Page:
A little while ago, a friend asked me if I was still skilled in the art of website design. This person, I'm certain, was looking for help in the day and age of Coronavirus cutbacks... she had lost her job and I'm guessing she was either looking to start an online consultancy in her field of expertise or just a site for self marketing.

I thought about it for a little while and, as much as it pained me, I had to decline. There are several reasons for this:

I am not skilled in the art of website design anymore

I don't have the skills necessary to create a website with all the bells and whistles that make a website modern. I'm not talking about pretty things; I'm talking functional items. My coding skills are several full (semantic) versions old and I've made zero attempt to bring them up to date and doing so would take me years of learning. Sure, I can troubleshoot bad code to a minor degree as part of my job as a website quality assurance engineer, but it's very minor. I'm paid to find the problems and try to take a guess at what might be the root cause of them, not find the bad code and fix it. 

Some people might look at me and say, "But, Kevin, you talk about redesigning your blog all the time!" Yeah, I do say that. But it's not accurate at all. I throw around the word "redesign" because it sounds important and people very readily understand what it means. In fact, all I'm doing is going into my blogware, picking out a theme that someone else designed, activating it, tweaking colors and fonts, adding some pre-made gadgets to it, and applying it to my existing content. Basically, I'm picking out a paint color and slapping it on the walls after someone else builds the house.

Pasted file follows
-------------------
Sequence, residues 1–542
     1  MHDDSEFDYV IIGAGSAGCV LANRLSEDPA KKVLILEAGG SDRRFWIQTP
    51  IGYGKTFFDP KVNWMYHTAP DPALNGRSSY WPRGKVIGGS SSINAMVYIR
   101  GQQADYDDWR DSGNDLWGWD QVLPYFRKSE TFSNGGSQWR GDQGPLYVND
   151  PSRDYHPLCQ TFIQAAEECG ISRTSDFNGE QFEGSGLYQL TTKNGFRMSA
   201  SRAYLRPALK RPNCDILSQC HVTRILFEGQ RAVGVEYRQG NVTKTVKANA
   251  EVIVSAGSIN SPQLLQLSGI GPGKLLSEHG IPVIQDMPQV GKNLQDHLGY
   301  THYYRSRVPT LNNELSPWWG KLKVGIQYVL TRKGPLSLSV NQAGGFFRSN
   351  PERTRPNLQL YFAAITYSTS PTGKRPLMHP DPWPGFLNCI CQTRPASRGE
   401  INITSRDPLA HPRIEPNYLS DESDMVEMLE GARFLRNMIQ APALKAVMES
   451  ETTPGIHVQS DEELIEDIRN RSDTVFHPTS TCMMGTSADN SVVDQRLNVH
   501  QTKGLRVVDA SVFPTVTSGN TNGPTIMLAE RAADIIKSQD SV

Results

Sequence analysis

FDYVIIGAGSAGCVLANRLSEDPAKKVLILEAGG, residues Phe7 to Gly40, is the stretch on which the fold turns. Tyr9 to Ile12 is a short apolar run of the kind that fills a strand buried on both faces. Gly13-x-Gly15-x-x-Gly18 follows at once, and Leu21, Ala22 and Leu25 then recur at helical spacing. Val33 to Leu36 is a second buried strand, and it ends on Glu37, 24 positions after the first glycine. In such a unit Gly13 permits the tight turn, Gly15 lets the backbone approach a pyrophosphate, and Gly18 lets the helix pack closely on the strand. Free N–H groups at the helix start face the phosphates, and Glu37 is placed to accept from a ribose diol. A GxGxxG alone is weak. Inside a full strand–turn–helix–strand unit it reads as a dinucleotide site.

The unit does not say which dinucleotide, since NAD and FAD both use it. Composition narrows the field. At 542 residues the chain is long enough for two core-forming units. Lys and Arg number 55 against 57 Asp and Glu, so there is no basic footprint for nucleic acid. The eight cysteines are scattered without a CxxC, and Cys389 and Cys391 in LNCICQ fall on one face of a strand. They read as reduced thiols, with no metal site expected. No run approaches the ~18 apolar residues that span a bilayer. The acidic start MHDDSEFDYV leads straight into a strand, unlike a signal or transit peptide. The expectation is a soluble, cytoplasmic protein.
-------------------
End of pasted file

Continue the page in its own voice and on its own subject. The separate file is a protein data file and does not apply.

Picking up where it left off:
I did the math in my head and the last time I actually designed a website from the ground up was at least 15 years ago. That's two jobs ago. I've been with my current employer for the better part of three years now and the employer before that for 11 years. Never once at either of these jobs did I do any original web development. It was my first job out of grad school where I redesigned their site twice. But their needs were minimal and any interactivity on those designs was provided by a third-party company to whom we linked externally or iFramed their pages. I created static HTML information pages because that's what I was hired, and paid, for. I had the title of "Web Developer" but I didn't really develop jack. Call a spade a spade.


[image courtesy of Steve Hix/Somos Images/Corbis via Smithsonian Magazine]

I don't have the equipment to do it

You wanna hear something funny? I work in the web industry and I don't own a home computer newer than 12 years old. It's Katie's old MacBook that she got back in grad school from which she graduated in December 2009. It's so old that it's running an outdated architecture that Apple hasn't supported in a decade. I can't update the operating system on it at all anymore. I think it's running Mac OS 10.6 Snow Leopard and the most recent version available is 10.15. It can't even support modern web browsers, which is the kiss of death for any potential web design work.

Right now, I have my work-issued MacBook Pro and I couldn't use it for freelance work. That would not go over well. My company doesn't have a policy against doing freelance work so long as it doesn't interfere with the work I'm required to do for them. But I'm not allowed to use company-owned equipment to do it.